Flower power: Geraldton prickly passion in full bloom

Stan MaleyMidwest Times
Geraldton resident John Hood stands beside the San Pedro cacti in his garden.
Camera IconGeraldton resident John Hood stands beside the San Pedro cacti in his garden. Credit: Stan Maley

A prickly passion has come to blooming life over Sunset Beach way. John Hood’s row of tall cactus plants have all burst into flower on their annual bloom and created a rather interesting sight, mainly at night.

He has lived all his life around the banks of the Chapman River, between the two bridges in Park Avenue, Geraldton. He was born there and lived with his parents and eventually bought the house.

His grandma used to live next door, and at one time owned 3.64ha of ground there.

She grew roses and had hundreds growing in the gardens around the house next to John.

The San Pedro cactus flowers in John Hood's Geraldton garden.
Camera IconThe San Pedro cactus flowers in John Hood's Geraldton garden. Credit: John Hood

“What’s the story with your cactus?” I asked him.

“It was around the year 2000 was when I first got the bug for it and started growing them,” John said.

“I think this tall cactus is called Trichocereus Pachanoi (San Pedro). It is similar to one of the psychedelic cactuses that are sought-after.”

His San Pedro cacti are lining up to bloom. They rarely flower, and to have them all come on at once is a great sight in John’s backyard.

He also has two types of dragon fruit and his red one had a lot of fruit on it. He showed me the yellow one, which had several fruits.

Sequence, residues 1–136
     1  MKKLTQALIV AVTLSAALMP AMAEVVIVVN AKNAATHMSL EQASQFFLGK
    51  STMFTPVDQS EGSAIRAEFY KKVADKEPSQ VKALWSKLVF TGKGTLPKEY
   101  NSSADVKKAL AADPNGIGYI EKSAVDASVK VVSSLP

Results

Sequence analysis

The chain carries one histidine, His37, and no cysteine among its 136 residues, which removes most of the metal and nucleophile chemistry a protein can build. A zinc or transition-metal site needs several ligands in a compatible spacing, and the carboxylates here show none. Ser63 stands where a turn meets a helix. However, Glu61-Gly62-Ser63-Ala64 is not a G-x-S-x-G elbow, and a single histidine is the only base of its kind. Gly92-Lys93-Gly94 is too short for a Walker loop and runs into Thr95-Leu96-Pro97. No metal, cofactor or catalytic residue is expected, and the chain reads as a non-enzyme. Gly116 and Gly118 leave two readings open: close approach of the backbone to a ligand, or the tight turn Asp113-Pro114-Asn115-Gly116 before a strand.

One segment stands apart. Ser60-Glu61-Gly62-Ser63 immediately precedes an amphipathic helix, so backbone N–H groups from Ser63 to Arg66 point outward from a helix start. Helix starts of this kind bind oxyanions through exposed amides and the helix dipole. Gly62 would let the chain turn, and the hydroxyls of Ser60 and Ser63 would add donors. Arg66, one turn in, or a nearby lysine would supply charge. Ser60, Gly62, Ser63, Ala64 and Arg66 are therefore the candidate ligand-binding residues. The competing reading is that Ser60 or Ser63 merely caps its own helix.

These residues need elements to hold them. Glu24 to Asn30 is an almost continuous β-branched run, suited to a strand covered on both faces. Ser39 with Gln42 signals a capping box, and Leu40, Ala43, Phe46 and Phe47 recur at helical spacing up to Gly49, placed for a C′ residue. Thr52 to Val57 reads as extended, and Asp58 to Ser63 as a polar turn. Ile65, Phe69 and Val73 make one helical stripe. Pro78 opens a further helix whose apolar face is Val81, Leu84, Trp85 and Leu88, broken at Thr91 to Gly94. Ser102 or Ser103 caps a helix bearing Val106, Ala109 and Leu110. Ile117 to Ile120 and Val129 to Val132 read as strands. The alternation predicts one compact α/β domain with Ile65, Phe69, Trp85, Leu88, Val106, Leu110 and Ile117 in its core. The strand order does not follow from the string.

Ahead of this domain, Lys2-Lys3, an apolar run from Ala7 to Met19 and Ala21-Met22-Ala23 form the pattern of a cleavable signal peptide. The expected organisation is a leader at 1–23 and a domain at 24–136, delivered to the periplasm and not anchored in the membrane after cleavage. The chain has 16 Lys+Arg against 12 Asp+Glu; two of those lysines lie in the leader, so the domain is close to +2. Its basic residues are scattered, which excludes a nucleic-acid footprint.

This particular dragon fruit is sweeter than the red one.

The names of these fruiting cacti are Hylocereus costaricensis (Pitaya roja or red-fleshed pitaya, also known as Hylocereus polyrhizus), which has red-skinned fruit with red flesh, and the yellow-skinned fruit with white flesh is ylocereus megalanthus (Pitaya amarilla or yellow pitaya, also known as Selenicereus megalanthus). John said growing cacti was not as easy as people thought.

“If you get them in the right spot they do well. But they don’t like too much sun and can get burned,” he said.

“With the dragon fruit, I heard you can cross them with the San Pedro. The flower is similar, but I haven’t been able to do that.”

He has other varieties of cacti scattered about the backyard. One specimen is mother-in-law’s cushion.

Even though it looks big enough to sit on, I am sure that would not be a good idea. It was great to see a garden of mainly cacti — certainly a very waterwise garden — that gives fruit and flowers in season.

To share your Geraldton garden with readers, call Stan Maley on 0428 230 029.

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